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A quick and simple guide to community rights


megilleland
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Communities urged to make full use of their rights and join over 800 groups now working on neighbourhood plans.

 
Department for Communities and Local Government
Published 28 November 2013
 
Communities were urged to make full use of their rights and join the hundreds of groups now working up plans that will set out the future vision for their neighbourhood, Planning Minister Nick Boles said today (28 November 2013).
 
A new landmark has been reached with more than 800 communities now working on getting a neighbourhood plan in place.
 
Neighbourhood planning is one of the new community rights introduced by government to give people more say over their area and puts communities in charge of setting out the homes, shops and amenities they want in their neighbourhood.
 
Neighbourhood planning is also beginning to take off in our cities. Places such as Holbeck and Beeston in Leeds, Spring Boroughs and the Blackthorn and Goldings estate in Northampton, Inner East Preston, Somers Town near Kings Cross and a number of communities across Bristol are all making progress towards neighbourhood plans that will help revitalize these areas.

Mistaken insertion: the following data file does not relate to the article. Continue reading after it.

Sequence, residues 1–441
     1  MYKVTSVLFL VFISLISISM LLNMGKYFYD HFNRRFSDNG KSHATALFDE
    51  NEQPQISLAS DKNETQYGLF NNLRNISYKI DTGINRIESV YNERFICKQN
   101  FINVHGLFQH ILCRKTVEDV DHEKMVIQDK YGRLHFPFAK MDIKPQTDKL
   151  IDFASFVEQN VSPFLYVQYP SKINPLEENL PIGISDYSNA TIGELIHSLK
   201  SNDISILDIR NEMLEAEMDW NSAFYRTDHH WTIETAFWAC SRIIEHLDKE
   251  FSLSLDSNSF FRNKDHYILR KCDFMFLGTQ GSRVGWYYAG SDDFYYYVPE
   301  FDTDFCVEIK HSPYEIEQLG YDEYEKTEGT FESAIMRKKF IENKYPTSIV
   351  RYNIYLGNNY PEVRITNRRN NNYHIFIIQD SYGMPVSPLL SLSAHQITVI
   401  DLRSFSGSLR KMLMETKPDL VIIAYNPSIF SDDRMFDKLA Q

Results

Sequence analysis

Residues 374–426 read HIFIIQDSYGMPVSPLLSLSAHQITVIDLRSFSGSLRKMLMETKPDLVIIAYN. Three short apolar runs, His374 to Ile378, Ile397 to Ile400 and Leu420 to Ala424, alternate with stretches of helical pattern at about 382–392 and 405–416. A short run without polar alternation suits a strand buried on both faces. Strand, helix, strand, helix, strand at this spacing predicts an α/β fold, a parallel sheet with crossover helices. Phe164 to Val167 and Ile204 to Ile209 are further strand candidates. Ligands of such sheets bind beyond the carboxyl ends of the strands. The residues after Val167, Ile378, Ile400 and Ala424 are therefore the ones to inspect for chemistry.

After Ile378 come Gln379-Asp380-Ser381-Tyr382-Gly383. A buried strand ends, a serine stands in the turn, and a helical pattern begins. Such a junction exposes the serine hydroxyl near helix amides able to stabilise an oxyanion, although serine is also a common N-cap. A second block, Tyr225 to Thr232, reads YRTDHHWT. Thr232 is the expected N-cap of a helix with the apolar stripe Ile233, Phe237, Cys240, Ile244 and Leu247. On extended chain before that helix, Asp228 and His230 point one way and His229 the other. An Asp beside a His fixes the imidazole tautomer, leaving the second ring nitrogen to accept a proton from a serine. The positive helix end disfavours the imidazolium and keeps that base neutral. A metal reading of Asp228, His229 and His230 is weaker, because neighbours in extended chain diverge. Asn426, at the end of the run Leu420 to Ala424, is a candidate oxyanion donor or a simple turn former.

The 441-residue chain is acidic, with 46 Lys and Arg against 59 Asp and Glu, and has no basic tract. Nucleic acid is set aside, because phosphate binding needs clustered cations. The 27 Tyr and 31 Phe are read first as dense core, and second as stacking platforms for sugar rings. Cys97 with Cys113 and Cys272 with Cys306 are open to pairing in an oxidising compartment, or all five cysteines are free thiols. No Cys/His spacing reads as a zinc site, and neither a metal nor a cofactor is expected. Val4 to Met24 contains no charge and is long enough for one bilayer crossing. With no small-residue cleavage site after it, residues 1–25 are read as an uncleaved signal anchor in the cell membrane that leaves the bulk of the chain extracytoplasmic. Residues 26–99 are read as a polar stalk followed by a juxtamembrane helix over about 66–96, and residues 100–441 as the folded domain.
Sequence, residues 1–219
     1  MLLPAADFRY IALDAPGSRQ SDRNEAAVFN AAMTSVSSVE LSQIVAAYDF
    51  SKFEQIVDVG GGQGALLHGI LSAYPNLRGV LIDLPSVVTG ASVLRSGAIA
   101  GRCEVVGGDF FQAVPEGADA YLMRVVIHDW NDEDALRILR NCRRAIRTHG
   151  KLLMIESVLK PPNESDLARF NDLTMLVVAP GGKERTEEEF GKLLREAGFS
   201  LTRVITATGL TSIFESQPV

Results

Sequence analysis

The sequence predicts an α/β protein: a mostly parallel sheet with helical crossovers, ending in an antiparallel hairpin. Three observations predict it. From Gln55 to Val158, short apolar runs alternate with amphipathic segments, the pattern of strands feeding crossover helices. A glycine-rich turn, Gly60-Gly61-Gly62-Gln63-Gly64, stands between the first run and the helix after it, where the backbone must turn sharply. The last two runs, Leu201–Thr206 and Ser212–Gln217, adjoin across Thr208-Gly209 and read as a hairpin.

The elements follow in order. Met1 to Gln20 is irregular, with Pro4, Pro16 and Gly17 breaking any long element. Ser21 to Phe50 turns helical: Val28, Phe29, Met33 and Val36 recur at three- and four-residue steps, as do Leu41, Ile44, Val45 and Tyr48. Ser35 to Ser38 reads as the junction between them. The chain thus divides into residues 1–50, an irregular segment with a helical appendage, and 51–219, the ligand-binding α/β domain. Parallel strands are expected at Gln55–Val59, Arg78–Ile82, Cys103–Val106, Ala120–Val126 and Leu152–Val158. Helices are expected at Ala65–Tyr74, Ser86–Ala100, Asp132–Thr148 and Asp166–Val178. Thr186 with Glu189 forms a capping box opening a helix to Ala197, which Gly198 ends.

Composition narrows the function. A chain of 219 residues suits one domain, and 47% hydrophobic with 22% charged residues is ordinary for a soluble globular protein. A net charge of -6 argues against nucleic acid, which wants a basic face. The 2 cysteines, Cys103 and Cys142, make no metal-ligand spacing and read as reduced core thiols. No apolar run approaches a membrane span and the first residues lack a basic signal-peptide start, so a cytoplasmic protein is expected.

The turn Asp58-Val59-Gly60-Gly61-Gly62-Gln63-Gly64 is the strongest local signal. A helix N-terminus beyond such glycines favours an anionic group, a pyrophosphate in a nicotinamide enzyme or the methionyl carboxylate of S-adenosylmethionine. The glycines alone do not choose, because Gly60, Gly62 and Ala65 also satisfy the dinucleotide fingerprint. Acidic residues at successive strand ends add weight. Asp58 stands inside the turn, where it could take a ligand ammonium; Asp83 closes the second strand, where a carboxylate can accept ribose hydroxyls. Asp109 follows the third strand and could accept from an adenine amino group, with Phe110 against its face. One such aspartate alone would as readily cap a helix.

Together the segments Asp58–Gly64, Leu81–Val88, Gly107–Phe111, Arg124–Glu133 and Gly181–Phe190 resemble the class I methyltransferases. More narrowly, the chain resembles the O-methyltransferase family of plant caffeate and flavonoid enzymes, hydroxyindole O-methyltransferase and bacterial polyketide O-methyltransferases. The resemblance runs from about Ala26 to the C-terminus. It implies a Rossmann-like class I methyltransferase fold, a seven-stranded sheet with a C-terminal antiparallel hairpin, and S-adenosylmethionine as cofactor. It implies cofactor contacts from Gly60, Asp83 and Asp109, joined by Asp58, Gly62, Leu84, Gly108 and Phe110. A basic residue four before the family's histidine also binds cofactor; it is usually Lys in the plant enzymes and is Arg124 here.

Neighbourhood planning ends the planning resentment that stops the homes, businesses and facilities people want being built by replacing top down regional planning.
 
It gives communities a new role and strong voice in local planning with the plans having a real statutory weight in the planning system.
 
In addition to deciding the future of their area, local people will benefit from development in their area, especially if they have a plan. Areas with a neighbourhood plan will receive 25% of community infrastructure levy revenues to spend on projects important to them. There is no upper limit to how much they will receive, as opposed to areas without a plan, who will receive 15%, with a cap.

 

Abbeydore and Bacton, Ewyas Harold Group and Kentchurch 
Almeley 
Bartestree and Lugwardine 
Belmont
Bishops Frome
Bishopstone Group
Bodenham
Border Group
Brampton Abbotts 
Bredenbury
Bridstow
Brimfield & Little Hereford
Brockhampton with Much Fawley
Bromyard, Winslow and Avenbury
Burghill
Callow and Haywood
Clifford
Colwall  
Cradley
Cusop 
Dinedor
Dorstone
Eardisley
Garway 
Hampton Bishop
Hatfield
Holme Lacy
Hope under Dinmore
How Caple, Sollers Hope and Yatton Group
Humber, Ford & Stoke Prior
Kings Caple 
Kingsland
Kington, Kington Rural and Lower Harpton
Ledbury 
Leominster 
Little Dewchurch
Llangarron 
Llanwarne
Longtown
Lower Bullingham
Luston group
Lyonshall 
Marden
Moreton-on-Lugg
Much Marcle
Orcop
Orleton and Richards Castle
Pembridge 
Peterchurch 
Peterstow
Pyons Group
Ross on Wye and Ross Rural
Shobdon 
Staunton 
Stretton Sugwas
Upton Bishop 
Vowchurch and District
Walford 
Welsh Newton And Llanrothal 
Weobley
Weston-under-Penyard
Whitbourne 
Whitchurch and Ganarew Group
Wigmore 
Withington
Wyeside 
Yarpole